Monday, 29 December 2014

An Autistic Christmas -14 years on!

Well Christmas is over for 2014 and I've been able to reflect on how far we have come over the last fourteen years.

We've just returned from a week away in Scotland. It's the first time since Google was born that we've been away at Christmas. He knew where were going but he wasn't looking to the change in routine. Even the promise of a trip to see The Hobbit failed to convince him.

As I've discovered on previous trips away, all the sensory difficulties seemed to melt away.Although he took his ear defenders as props, Google  never needed them.He ate plenty of food, swam, played Pool and generally participated in the family banter.

As is usual on holiday, we had one 'sick day' when the anxiety and anticipation got too much and he didn't feel well but that was hardly surprising as he'd managed to endure the hoards of Christmas shoppersin Glasgow, together with the bombardment of carols and twinkly lights.In fact, to my surprise he later managed to endure an hour in the boxing day sales without any complaint or melt down and just walked quietly to the doors of the shop when it proved too much.

None of these 'steps forward' have been 'taught'  through 'forcing' him 'to have a go'. Quite the opposite in fact. We have listened to him, watched his body language and respected his anxiety and fear. In allowing him to be himself Google has learned to trust us with his fear and knows that we will take him seriously.
It has been one of the best Christmases we have had and we came back feeling really relaxed and ready to face the world again!

Sunday, 14 December 2014

Judge for yourself- don't believe everything you read!

Land based science working party

Yesterday I was talking to a lady about my daughter's school.

"Ah yes" , she said, "That school has a bad reputation doesn't it?"

Well actually it doesn't. When OFSTED visited the school all the parents (with the exception of one) rated the school as excellent or good in all respects.The school is small. with a high percentage of special needs and it caters for each pupil as an individual ,whether they be potential Oxford and Cambridge entrants or struggling with a life long disability which will make independent living very unlikely.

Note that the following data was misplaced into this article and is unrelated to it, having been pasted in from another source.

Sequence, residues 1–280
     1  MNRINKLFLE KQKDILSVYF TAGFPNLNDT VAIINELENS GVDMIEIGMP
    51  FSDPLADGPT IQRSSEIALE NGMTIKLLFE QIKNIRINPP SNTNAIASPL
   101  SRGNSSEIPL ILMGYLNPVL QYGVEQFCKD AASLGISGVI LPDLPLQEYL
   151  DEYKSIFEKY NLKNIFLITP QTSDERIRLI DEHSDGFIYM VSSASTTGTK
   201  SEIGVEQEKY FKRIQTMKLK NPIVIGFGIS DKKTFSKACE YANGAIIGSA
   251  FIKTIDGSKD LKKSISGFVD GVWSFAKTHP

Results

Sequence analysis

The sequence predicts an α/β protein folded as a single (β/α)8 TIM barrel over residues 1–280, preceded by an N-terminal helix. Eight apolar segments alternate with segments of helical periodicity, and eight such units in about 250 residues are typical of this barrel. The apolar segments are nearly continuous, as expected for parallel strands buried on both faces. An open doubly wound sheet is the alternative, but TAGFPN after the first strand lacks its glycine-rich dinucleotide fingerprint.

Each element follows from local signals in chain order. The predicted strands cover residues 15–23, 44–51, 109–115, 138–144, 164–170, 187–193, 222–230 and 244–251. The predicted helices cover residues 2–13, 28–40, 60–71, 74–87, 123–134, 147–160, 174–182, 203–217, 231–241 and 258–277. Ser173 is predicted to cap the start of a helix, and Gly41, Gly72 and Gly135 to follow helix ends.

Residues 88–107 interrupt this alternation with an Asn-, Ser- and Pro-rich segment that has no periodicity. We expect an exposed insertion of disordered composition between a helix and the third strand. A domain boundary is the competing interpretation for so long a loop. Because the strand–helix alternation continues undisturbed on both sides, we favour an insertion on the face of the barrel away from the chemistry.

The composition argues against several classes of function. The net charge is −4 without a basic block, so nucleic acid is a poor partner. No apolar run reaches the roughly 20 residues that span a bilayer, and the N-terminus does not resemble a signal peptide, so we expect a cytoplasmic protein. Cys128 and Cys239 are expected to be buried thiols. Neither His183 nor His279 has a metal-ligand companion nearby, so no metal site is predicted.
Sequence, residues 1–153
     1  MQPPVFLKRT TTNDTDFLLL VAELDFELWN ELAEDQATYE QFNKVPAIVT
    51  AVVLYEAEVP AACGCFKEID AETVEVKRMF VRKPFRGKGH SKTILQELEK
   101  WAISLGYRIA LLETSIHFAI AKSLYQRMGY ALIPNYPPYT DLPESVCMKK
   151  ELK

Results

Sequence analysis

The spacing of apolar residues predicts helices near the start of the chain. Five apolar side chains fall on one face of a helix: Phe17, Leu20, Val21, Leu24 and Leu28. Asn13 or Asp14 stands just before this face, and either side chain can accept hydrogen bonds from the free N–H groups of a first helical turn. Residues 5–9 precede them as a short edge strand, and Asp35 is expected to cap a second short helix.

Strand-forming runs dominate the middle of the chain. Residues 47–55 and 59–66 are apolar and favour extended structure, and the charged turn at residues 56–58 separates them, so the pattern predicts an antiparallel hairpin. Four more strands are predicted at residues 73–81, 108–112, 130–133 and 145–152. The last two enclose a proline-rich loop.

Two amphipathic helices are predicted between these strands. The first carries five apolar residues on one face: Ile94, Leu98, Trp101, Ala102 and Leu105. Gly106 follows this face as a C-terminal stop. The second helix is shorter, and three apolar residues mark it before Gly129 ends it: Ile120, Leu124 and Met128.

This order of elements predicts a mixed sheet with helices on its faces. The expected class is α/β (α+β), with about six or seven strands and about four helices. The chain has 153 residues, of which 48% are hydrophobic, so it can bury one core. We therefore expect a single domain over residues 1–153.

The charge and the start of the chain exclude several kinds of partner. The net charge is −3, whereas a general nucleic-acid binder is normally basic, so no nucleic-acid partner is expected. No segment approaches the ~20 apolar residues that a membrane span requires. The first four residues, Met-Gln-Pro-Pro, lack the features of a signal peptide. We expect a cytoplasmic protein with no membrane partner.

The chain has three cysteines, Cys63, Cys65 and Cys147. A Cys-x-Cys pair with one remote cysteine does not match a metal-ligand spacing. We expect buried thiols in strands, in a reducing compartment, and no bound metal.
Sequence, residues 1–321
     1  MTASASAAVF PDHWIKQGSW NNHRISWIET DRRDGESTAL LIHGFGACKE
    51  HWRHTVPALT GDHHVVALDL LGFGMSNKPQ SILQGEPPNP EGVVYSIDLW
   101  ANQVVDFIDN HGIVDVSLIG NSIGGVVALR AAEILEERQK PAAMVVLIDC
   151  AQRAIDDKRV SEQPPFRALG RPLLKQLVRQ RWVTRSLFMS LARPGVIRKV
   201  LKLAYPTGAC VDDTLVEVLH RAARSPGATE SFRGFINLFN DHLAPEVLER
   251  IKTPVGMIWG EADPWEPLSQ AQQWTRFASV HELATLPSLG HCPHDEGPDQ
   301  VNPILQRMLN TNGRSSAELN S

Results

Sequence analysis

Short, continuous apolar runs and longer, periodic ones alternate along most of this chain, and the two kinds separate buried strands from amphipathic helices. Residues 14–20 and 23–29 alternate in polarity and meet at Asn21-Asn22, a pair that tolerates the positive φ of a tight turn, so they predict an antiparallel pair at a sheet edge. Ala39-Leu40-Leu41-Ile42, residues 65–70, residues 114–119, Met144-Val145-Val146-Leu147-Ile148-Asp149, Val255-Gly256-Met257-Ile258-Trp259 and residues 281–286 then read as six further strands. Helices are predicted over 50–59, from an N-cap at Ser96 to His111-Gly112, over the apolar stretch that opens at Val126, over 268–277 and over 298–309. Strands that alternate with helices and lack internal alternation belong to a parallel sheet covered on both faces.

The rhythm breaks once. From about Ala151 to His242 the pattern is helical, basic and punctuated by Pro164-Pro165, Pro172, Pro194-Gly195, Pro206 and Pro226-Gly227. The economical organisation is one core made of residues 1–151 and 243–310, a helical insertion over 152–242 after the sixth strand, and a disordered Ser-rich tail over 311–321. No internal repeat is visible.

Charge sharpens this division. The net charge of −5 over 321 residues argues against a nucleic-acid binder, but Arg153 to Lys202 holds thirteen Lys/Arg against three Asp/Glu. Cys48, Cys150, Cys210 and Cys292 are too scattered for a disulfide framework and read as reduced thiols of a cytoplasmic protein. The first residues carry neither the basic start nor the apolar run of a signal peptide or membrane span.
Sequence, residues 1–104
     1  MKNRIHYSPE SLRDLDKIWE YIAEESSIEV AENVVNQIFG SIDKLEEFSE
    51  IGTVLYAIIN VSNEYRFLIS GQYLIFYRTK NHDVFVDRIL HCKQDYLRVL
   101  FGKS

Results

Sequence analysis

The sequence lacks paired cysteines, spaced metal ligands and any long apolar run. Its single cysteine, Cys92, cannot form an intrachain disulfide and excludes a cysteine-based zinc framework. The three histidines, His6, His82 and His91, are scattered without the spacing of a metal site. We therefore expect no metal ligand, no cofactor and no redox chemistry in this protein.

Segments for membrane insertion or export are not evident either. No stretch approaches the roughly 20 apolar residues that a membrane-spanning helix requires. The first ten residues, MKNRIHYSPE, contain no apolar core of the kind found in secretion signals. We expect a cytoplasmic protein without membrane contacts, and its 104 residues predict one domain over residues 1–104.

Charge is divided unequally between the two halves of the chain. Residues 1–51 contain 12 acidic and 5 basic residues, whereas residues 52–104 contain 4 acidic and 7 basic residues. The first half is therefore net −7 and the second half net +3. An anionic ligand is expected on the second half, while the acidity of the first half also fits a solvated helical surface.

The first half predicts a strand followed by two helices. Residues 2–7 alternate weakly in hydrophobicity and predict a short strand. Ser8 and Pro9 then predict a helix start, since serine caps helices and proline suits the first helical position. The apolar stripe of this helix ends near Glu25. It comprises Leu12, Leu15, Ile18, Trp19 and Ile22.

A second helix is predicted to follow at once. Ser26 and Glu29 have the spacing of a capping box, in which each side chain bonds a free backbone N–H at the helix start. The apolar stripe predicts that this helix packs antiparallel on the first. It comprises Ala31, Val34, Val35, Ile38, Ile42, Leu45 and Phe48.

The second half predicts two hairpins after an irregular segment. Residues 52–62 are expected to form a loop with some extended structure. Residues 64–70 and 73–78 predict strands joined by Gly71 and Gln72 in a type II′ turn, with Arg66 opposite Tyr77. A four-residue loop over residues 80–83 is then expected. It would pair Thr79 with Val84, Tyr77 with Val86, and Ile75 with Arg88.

School Fell race 2014

The sad thing is that people listen to OFSTED and the perameters of what makes a 'sucessful' school keep changing so  numbers dwindle and the future of our small local schools become threatened.Perhaps that's what the government is aiming for.After all they are a drain to the Treasury pocket!

I once read that the optimum amount of people that anyone can get to know is just over 100. In my daughter's school there are 150 and she knows most of them, if not personally, by sight. Bullying is stamped on immediately and when I suggested my daughter might be slightly dyslexic she was assessed within two days.

I can ring up reception and they know who I am and I can send an email knowing that my message will be passed on to the relevant teacher. Parents and children work together as a team and want what's best for each individual child. It's just about as good as it gets after home education. (but then I'm biased!)

So if you're looking for a good school,go and visit and judge for yourself. There is more to an excellent school than just good grades. But then what would I know, I'm just a parent!

Land based science working party

Dry stone walling!

Saturday, 13 December 2014

Thinking for ourselves- when Education takes over!